The history of aerobics:
Stretching, leotards, astronauts and hollywood royalty: mia timpano explores the origins of the cheesy fitness trend.
Stretching, leotards, astronauts and Hollywood royalty
Every day, everywhere, humans shuffle into gymnasiums, shaking their butts to the rhythm of the night in time with other people for the purpose of getting fit. But it wasn’t always so. There were no congregations in Ancient Rome or Mesopotamia doing thrusts, rumbas and grapevines (as far as we know). The phenomenon of ‘aerobics’ – aka exercise designed to get the heart pumping while you listen to chart-topping hits – is a recent one, and if you want to blame it on anything (or offer your congratulations, depending how much you appreciate the human form in lycra), then point a big, fat finger at World War I – because that’s when this shit started.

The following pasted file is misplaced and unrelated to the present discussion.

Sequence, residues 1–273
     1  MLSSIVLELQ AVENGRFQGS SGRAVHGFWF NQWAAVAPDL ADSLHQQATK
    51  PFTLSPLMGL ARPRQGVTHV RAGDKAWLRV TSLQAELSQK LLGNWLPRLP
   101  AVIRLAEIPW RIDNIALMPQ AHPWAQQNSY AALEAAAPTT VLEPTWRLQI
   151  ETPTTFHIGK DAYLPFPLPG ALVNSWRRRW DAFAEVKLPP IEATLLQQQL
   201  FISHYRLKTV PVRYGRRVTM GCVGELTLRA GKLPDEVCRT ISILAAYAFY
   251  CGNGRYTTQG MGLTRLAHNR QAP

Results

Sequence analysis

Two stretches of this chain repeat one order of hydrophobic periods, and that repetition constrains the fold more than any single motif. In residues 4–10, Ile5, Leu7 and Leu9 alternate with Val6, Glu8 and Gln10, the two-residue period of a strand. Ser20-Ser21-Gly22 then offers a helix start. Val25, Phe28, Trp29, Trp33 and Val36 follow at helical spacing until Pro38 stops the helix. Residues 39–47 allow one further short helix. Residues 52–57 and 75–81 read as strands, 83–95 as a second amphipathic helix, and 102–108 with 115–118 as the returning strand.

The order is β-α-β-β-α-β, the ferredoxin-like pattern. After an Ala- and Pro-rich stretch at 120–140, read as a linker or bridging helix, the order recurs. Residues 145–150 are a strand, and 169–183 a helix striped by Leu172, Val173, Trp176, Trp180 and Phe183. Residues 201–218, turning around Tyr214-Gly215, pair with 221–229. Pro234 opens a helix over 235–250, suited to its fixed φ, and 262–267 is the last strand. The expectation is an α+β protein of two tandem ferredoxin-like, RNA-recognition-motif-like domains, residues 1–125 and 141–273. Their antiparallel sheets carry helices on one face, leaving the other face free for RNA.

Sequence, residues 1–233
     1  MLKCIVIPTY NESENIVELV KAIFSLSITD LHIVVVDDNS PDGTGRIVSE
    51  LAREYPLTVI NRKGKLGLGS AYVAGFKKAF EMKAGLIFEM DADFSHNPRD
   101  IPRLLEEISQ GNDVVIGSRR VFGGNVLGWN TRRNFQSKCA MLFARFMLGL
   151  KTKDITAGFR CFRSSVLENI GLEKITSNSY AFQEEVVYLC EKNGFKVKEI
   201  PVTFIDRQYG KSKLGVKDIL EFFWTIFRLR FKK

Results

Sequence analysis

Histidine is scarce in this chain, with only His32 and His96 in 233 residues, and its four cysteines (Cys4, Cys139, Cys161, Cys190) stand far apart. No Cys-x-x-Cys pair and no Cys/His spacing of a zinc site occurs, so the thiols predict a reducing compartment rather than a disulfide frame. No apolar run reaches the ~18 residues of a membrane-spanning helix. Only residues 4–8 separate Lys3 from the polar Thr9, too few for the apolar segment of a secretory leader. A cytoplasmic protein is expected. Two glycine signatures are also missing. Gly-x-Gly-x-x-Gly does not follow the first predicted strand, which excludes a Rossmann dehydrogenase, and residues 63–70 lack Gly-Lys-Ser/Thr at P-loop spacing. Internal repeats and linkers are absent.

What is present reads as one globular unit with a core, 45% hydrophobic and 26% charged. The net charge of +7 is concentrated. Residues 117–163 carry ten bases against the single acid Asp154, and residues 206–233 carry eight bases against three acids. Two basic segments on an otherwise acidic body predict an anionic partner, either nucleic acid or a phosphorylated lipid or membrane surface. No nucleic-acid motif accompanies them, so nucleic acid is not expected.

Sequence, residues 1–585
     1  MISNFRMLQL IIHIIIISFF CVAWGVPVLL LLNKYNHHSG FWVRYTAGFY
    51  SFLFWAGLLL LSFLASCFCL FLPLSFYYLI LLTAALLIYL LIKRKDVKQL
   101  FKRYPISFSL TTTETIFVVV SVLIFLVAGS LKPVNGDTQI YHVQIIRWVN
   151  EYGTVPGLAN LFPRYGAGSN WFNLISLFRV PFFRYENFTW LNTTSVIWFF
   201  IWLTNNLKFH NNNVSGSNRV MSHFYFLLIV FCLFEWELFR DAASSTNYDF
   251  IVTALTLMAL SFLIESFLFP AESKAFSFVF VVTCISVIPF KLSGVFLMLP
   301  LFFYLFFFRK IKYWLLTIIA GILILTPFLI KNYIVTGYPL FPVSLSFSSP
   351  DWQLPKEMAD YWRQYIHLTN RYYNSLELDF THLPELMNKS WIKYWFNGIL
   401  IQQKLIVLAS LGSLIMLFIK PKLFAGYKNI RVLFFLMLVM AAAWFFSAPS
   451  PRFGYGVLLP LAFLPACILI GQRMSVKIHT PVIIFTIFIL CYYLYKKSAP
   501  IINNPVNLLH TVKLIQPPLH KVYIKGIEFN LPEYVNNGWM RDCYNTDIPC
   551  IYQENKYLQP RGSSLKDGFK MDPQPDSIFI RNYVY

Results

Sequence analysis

As you no doubt learnt in high school history class, many people were killed during this war. Mostly they were dudes, which allegedly left Britain with “two million superfluous women”. So, if you were a dame wanting to lock down a Y-chromosome-holder – as was the tradition and economic necessity at the time – you had to up your babe game. Fast. But how? People didn’t ‘work out’. (At least, working-class people didn’t – ironically.) Their days were spent at the factory, which didn’t leave them with a dewy, man-getting glow. One-on-one exercise lessons were on offer, sure, but with a price tag only the super-rich could afford. What was a lady pleb to do?